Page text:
Had we attempted to implement Silverton two years earlier, we would have hit a wall: no vendor on the market would have provided us with programmatic access to the core networking components we needed. Fortunately we found ourselves looking for switches at a time when Arista were starting to formalize access to the internal APIs on their devices.

Had we attempted to implement Silverton today, we would have long since bought into the collective delusion that you need routers to do routing. As it turns out, routers are about as expensive to get rid of as they are to buy, since the people you hire to configure them are just as specialized as the hardware they maintain. By avoiding routers entirely we were able to build a networking team with a different mindset on how you operate a network, and we’ve been reaping the benefits ever since.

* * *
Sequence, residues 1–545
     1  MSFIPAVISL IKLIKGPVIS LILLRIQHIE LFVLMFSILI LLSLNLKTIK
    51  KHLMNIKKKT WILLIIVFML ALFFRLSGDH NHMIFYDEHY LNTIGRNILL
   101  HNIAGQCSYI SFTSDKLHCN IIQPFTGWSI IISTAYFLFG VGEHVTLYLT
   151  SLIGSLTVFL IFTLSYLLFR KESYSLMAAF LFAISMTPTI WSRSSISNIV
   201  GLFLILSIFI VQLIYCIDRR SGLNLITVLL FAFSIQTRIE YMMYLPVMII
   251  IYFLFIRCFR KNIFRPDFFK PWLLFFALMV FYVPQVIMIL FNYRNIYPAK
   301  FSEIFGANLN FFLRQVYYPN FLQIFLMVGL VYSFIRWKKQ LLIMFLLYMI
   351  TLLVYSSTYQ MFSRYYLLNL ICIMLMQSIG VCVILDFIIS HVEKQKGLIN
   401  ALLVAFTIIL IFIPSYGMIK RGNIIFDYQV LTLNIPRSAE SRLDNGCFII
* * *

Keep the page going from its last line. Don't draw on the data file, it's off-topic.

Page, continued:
Upon validating the first proof of concept for Silverton in early 2013, a natural question arose: what else can we get away with? The next post in this series will explore how we applied the same principles of deception in order to handle inbound traffic and perform seamless load balancing.

1RFC849: Suggestions for improved host table distribution (

2Growth of the BGP Table

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IDG Contributor Network: How-to: Configuring Linux usage limits with Docker and AWS ECS

Linux has become a dominant OS for application back ends and micro-services in the cloud. Usage limits (aka ulimits) are a critical Linux application performance tuning tool. Docker is now the leading mechanism for application deployment and distribution and AWS ECS is one of the top Docker container services. It’s more important than ever for developers to understand ulimits and how to use them in Linux, Docker and a service like AWS ECS.

The purpose of ulimits is to limit a program’s resource utilization to prevent a run-away bug or security breach from bringing the whole system down. It is easy for modern applications to exceed default open file limits very quickly.